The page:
“As both federal and Florida law make clear, the disparity between the jury’s $16 million punitive award and its $150,000 compensatory award far exceeds the outermost bounds of due process.”
—Cory Andrews, WLF General Counsel & Vice President of Litigation
Click HERE for WLF’s brief.
(Washington, DC)—Washington Legal Foundation (WLF) today filed an amicus curiae brief with the Florida Supreme Court, urging it to provide lower Florida courts with much-needed guidance on the limits due process imposes on punitive damages awards.
The case arises from a wrongful death action against R.J. Reynolds Tobacco Company. After hearing all the evidence, the jury rejected the plaintiff’s claims for fraudulent concealment, conspiracy, and negligence. After awarding the plaintiff $150,000 solely on her design-defect claim, the jury awarded her a staggering $16 million in punitive damages. That award produced an eye-popping 106:1 punitive-to-compensatory ratio.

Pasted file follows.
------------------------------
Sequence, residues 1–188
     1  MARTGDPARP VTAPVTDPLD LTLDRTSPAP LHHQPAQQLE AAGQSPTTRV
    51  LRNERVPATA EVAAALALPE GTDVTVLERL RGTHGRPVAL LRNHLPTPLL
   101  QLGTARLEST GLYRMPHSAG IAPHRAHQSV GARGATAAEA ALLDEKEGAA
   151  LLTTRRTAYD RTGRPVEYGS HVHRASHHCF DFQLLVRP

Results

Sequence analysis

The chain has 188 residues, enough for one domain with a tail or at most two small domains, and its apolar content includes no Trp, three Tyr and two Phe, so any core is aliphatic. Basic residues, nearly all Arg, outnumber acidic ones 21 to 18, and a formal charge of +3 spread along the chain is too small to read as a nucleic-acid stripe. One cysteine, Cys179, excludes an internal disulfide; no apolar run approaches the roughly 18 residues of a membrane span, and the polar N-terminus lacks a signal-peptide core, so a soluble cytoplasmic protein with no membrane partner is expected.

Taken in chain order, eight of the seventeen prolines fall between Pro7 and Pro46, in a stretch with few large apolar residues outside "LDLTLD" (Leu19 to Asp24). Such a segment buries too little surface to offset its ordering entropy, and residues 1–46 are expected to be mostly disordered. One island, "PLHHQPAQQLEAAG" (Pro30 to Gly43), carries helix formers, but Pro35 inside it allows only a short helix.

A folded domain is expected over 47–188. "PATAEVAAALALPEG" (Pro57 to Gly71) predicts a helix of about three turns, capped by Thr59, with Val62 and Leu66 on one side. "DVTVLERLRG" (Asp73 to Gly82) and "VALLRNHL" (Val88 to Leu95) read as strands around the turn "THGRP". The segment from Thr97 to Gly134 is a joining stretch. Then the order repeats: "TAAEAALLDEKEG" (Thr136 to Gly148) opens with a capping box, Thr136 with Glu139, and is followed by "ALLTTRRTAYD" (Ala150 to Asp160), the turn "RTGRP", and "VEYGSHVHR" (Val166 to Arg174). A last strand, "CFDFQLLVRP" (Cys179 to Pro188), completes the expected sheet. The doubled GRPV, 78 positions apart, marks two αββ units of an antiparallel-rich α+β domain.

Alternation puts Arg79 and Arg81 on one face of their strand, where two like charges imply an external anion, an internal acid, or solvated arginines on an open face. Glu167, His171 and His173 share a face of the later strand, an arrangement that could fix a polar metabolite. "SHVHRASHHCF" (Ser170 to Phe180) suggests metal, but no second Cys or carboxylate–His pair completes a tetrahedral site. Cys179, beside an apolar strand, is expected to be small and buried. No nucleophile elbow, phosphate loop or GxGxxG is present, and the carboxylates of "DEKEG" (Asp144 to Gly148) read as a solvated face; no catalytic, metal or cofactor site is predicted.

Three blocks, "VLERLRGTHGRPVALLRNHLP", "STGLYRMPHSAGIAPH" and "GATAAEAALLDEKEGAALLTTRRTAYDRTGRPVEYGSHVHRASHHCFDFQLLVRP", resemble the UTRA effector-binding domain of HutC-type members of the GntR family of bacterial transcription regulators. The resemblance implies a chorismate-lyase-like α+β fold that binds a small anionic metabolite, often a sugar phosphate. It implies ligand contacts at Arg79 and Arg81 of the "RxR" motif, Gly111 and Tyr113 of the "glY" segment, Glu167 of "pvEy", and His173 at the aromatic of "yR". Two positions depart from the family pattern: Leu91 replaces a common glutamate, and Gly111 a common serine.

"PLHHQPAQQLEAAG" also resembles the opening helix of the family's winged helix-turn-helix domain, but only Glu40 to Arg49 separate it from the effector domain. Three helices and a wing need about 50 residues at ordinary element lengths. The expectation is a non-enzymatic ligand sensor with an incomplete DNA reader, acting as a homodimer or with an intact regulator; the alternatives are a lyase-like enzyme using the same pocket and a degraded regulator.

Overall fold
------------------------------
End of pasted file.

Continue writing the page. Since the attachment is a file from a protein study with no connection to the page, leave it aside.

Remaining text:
Yet in finding for the plaintiff on her design-defect claim, the jury made no findings about Reynolds’s reprehensibility or intentional wrongdoing; the elements of a strict liability claim require none. As WLF explains in its brief, because strict liability focuses on a product’s defective condition rather than on the manufacturer’s culpable conduct, punitive damages aimed at punishing a defendant for a strict-liability offense raise heightened due-process concerns. Here, there is simply nothing to suggest that the jury found Reynold’s conduct to be especially reprehensible, let alone that it found Reynolds to have acted with the degree of malice and enormity needed to justify so severe a punishment.
WLF’s brief further contends that when, as here, the compensatory award is substantial and the conduct at issue is not heinous, the constitutional maximum is a 1:1 ratio of punitive to compensatory damages. Anything greater than a 1:1 ratio would far exceed the amount necessary to accomplish Florida’s interest in punishing and deterring Reynold’s conduct.